‘After the high jump I honestly thought I had a chance,’ she says. Not just at a medal, which would have been absurd in its own right, but gold. It would have been a comeback for the ages, but what happened next was the brutal bit, with Johnson-Thompson moving into the lead of her 200m heat only for the calf on her right leg to ping. Seven types of athletic talent and no luck whatsoever.
Months after crying into the night, she is shaking her head. ‘The truth?’ she says. ‘I won the World Championships in Doha in 2019, I was in the shape of my life, and then Covid happened. Games go back a year and I ruptured the achilles on my jumping leg. Come back from that and my calf goes. I spent a while trying to process all that and the way life could have been and yeah…
She won the World Championships in Doha in 2019 and says she was in the ‘shape of her life’
‘It was s*** luck. No other way to describe it. I am not dwelling on it but it wasn’t a positive experience. Look, the whole experience of getting there in the shape I was is a big thing.
‘It genuinely gives me confidence going forward to know what I could do in such difficult circumstances because it was a seriously hard time after I did my achilles. But I didn’t learn anything from Tokyo other than it was s*** and hard work didn’t pay off.’
She adds: ‘I am an emotional person and it took me a long time to talk about Tokyo without welling up. It is why I needed that time away, to not look at athletics at all. It didn’t sit well with me that I couldn’t finish. Even finishing last, I just wanted to finish the event because we put in so much work (after the achilles rupture) and I couldn’t get any result out of it.
‘My value was always that hard work pays off and sometimes it just doesn’t. Sometimes life isn’t fair and that is what I was dealing with.’
Johnson-Thompson believes she didn’t learn from Tokyo because it was ‘s***’ and hard work
There were a rough few months after Tokyo, seeing out a year in which she ‘spent more time on crutches than off them’. The calf injury, which transpired to be three separate problems, including a recurrence of an issue first sustained at the 2018 Commonwealth Games, required surgery.
Another major adjustment came on the coaching side, with Bertrand Valcin, the architect of her success, taking a new post with the French Athletics Federation that meant he could no longer oversee her day-to-day training in Montpellier. After five years with Valcin, Johnson-Thompson is now working with Petros Kyprianou in Florida.
‘It feels like a new chapter,’ says Johnson-Thompson and, in light of recent traumas, that is probably a good thing. ‘It is sad that the chapter had to come to an end with Bertrand. He was a perfect fit for me at a time when I needed him the most. He changed my character, he changed my outlook on life.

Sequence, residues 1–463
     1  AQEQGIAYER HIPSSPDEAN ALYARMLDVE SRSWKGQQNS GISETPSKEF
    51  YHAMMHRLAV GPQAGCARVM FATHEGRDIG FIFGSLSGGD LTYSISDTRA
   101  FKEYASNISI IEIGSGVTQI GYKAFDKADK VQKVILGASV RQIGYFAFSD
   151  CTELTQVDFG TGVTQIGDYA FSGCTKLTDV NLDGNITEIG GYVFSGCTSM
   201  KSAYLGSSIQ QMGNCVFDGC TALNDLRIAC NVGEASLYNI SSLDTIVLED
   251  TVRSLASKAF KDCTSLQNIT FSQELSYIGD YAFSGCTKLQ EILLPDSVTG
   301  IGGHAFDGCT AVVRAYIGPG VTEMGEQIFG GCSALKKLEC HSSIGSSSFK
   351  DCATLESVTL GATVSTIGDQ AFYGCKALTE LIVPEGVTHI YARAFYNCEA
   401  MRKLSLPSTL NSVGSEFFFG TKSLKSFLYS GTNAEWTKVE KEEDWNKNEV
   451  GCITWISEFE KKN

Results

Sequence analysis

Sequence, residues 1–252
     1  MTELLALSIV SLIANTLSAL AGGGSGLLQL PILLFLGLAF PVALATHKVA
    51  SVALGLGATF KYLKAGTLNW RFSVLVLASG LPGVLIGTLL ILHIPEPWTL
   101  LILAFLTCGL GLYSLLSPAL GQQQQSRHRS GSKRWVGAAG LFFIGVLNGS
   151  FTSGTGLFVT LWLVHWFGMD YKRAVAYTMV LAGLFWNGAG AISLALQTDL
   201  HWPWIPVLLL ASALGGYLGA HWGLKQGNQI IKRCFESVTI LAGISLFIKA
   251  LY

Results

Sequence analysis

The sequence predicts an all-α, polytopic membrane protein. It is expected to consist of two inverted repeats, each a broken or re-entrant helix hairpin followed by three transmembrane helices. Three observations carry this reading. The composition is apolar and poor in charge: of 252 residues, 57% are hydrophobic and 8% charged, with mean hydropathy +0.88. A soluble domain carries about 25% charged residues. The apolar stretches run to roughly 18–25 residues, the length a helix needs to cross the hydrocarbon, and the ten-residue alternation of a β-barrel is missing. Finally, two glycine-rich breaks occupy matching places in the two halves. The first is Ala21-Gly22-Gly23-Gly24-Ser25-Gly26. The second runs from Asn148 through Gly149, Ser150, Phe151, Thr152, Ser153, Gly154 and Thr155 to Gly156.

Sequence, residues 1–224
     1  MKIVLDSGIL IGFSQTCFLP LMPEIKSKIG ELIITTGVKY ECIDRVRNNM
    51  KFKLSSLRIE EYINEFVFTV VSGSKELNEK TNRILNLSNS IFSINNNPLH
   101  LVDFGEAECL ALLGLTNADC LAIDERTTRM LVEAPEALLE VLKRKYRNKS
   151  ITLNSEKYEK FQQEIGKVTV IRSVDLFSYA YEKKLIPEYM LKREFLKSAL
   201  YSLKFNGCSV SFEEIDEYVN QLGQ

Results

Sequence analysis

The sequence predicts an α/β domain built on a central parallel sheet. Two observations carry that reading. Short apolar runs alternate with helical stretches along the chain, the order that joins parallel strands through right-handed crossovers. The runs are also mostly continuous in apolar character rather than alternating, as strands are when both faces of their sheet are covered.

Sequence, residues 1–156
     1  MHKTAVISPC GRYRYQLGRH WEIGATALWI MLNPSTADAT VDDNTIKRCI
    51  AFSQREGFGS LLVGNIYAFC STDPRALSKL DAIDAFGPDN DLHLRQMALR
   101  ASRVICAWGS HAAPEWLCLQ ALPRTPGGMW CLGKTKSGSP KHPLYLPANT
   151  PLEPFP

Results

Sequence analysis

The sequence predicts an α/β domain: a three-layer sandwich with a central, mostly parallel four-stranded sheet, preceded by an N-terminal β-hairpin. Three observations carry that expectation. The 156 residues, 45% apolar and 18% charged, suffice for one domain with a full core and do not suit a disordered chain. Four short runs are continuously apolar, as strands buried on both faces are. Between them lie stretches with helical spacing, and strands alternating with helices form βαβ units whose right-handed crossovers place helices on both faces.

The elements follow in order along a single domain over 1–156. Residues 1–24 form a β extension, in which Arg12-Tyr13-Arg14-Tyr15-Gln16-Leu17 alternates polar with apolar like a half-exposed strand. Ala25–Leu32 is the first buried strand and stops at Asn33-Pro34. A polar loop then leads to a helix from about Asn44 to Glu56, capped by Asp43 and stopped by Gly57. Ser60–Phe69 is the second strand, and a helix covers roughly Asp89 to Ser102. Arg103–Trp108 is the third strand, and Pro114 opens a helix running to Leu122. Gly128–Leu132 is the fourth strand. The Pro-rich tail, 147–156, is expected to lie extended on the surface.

‘Now I am a different athlete and I have taken that on. I go forward with someone who has a different personality, a different approach and he can push me in a different way for this cycle.
After five years with Bertrand Valcin, Johnson-Thompson is working with Petros Kyprianou
‘It is a bit reinvigorating. It isn’t a case of, “Here we go again, pick yourself up”, it is about new environment, new challenge, new voice. It is definitely helpful to me getting back into it and starting the process again.’
As ever with Britain’s most talented athlete, the intrigue will be in where it leads.
On her day she can beat the great Nafi Thiam, the double Olympic champion, and that could be the prize showdown of the World Championships in July, before the challenge of a second heptathlon immediately afterwards in Birmingham.
Johnson-Thompson, 28, confirms she will then skip the European Championships at the end of the summer.
She has confirmed that she will skip the European Championships at the end of the summer
Beyond that, and only then, will she allow her thoughts to drift to Paris 2024 and another shot at winning the only medal to elude her. She will be 31 by then.
‘I don’t want to look at the Olympics yet,’ she says and at that it is almost time for her to go. She is at a gig to promote Muller and that means smiling for cameras on the back of hard chats.
‘It was a difficult year,’ she adds. ‘But I know what I am capable of and I know I can achieve what I want in my life if I am healthy. I have things to achieve and chase but it is all a different timeframe to what I thought it would be. Now I have to respect the past but not dwell on it. I have so much to look forward to.
Katarina Johnson Thompson, a Mullerlight Ambassador, was speaking at an event to promote the Müllerlight Smooth Toffee.